August 3 2015 Latest news:
Tuesday, May 20, 2014
Dreams of another shot at Wimbledon glory have moved a step closer for Norfolk number one Richard Bloomfield.
The former world number 176 is comfortably top of the men’s rankings of the Aegon British Tour, after making the final of the latest event in Sutton last week.
Bloomfield, from Alpington near Poringland, won in straight sets against Matthew Porter in the last-16, Ben Draper in the quarter-final and Michael Suleau in the semi-final to reach the final of the tournament in Surrey.
There he came up against Kent number two Matthew Short and lost the first set 6-1, won the second on a tie-break and then the pair agreed to play a championship tie-break to settle the match because of time and weather worries, with Short emerging victorious.
Making the final earned Bloomfield another 565 tour points to put him top of the overall leaderboard, leaving him comfortably in the lead ahead of this week’s tour event in Connaught – the final event before points are tallied up for the Wimbledon Wild Card Play-Offs.
“It’s not definite but it’s looking likely,” Bloomfield said. “I’ve kind of stopped playing professionally the last three months so I’m not sure if I’ll definitely play in the play-offs, but it’s a good chance so I probably will take that.”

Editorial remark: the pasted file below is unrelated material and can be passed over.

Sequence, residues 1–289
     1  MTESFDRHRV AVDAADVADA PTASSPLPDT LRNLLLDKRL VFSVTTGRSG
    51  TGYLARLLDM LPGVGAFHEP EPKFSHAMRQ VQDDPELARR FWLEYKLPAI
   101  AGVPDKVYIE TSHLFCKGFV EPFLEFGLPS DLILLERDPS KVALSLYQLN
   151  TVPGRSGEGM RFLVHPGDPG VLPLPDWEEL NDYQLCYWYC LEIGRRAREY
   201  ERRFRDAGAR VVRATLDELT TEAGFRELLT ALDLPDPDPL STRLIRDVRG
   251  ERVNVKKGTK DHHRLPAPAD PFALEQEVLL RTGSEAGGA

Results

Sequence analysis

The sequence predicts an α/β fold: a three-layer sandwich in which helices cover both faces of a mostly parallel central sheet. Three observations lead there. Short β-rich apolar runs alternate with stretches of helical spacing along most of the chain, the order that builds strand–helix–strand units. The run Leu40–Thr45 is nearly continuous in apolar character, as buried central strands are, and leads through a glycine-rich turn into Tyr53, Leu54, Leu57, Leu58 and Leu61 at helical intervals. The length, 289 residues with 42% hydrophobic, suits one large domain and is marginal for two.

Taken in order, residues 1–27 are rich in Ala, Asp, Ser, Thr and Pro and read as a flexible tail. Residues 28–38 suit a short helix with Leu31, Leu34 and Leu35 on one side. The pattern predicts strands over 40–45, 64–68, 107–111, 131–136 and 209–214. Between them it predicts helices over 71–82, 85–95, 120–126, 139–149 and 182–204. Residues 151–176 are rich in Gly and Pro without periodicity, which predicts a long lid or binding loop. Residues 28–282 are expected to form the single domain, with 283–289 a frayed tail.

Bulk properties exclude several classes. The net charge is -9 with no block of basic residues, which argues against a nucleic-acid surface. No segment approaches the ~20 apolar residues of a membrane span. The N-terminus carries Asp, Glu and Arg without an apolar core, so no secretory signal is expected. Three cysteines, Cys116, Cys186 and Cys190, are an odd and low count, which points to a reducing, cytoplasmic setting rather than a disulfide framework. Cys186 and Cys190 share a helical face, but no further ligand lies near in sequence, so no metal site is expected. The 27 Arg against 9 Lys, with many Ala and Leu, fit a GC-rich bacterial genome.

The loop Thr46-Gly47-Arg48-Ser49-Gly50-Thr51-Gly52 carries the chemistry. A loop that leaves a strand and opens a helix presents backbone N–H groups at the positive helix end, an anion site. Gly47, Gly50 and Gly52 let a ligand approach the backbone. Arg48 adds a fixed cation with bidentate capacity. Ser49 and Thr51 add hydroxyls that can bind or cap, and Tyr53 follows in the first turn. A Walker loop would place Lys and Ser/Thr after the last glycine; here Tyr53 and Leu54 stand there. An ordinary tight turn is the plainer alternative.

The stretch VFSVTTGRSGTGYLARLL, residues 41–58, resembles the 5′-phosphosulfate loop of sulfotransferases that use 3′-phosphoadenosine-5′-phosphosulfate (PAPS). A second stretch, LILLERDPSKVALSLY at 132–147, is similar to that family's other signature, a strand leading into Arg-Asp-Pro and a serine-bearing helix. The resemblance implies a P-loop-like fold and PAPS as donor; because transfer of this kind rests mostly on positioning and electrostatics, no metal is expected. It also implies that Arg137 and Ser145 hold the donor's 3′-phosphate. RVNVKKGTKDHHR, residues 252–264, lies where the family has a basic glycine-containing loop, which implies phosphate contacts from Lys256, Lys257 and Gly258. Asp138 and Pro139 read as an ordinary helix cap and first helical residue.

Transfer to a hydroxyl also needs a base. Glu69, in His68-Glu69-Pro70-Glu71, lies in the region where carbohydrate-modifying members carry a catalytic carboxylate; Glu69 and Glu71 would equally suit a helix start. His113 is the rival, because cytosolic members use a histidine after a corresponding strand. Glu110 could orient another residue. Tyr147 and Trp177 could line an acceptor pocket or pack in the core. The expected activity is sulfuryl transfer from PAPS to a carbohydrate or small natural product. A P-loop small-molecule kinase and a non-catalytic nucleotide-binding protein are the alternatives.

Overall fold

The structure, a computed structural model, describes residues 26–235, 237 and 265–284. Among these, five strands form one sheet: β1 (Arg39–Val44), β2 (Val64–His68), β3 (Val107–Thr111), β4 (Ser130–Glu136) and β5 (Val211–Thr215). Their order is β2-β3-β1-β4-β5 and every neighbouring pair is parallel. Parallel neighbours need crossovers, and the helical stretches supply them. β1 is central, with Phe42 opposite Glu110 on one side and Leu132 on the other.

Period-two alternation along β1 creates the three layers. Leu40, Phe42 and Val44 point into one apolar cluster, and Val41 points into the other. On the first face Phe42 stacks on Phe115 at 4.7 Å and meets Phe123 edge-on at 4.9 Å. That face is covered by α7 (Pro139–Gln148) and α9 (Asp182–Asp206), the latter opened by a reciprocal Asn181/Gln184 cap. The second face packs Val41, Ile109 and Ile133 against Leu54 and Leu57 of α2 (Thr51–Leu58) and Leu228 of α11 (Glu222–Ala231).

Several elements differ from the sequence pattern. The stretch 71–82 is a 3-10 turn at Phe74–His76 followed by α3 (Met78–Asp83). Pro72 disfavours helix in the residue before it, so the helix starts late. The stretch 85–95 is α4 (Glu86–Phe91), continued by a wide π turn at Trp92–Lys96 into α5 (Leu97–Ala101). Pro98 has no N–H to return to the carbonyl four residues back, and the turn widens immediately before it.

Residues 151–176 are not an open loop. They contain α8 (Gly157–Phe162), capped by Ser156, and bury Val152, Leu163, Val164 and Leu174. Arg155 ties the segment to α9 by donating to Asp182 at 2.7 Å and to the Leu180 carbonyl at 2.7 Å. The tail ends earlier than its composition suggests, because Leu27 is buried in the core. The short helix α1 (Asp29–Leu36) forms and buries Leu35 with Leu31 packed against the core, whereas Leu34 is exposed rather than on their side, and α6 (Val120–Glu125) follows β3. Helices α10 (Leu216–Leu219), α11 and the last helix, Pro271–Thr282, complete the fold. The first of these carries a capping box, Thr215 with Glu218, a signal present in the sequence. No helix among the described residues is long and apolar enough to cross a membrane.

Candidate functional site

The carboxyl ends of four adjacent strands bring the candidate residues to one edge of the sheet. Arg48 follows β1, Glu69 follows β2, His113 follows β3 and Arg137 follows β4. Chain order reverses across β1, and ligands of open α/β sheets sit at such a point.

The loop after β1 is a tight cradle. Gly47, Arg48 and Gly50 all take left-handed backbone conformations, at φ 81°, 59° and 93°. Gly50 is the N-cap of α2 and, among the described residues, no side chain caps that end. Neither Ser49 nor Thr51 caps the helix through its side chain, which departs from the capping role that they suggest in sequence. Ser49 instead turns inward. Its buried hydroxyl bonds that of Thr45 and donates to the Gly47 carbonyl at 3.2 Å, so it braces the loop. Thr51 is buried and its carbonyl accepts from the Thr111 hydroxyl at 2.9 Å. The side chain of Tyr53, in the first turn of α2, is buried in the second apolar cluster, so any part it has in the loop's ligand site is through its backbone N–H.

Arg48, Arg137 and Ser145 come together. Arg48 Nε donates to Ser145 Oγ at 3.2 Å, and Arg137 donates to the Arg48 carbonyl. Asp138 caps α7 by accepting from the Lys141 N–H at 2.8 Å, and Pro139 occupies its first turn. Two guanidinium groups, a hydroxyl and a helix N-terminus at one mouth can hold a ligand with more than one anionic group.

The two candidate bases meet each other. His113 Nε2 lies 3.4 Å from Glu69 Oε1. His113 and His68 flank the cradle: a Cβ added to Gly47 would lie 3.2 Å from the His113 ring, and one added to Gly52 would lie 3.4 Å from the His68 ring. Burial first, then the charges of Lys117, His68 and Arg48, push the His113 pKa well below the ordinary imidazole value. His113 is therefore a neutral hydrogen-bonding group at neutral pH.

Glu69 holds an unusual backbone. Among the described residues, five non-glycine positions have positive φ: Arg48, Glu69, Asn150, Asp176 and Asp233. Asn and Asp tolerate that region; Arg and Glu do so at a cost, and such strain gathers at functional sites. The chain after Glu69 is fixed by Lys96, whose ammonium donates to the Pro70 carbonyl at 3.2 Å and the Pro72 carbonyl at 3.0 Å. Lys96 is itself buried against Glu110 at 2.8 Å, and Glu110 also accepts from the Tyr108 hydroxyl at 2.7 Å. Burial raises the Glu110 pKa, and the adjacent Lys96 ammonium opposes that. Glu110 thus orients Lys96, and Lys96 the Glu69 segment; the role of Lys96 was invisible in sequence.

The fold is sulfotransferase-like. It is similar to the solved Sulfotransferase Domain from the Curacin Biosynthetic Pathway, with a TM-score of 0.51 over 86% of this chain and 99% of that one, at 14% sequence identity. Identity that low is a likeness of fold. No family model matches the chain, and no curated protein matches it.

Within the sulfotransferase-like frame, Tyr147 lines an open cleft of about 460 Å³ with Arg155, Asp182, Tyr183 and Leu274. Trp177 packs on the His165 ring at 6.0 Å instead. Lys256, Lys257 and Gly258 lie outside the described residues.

The LTA Wimbledon Wild Card Play-Offs will be played on Thursday, June 12 and Friday, June 13 at Aorangi Park at the All England Lawn Tennis Club – the practice courts used for Wimbledon each year.
The final two players from each of the men’s and women’s events will be guaranteed wild cards into the Wimbledon qualifying competition.
Having already played Wimbledon four times, reaching the second round of the men’s singles in 2006, Bloomfield is still targeting another appearance at SW19 in June.
Bloomfield also won the British Tour event in Edgbaston in April, made the final of the tour’s event in Bolton in the same month, comfortably won the tour event at Easton College, near Norwich, in March, and made the semi-finals in Tipton and Warwick.
He added: “I’ve been coaching an 18-year-old lad so I’ve been hitting a lot more than when I got my injury in my back, which meant I spent a lot of my time in the gym working on that rather than on the court for two to four hours a day.
“So it’s good that I’m back to that from hitting with this kid, I’ve almost got my fitness back.”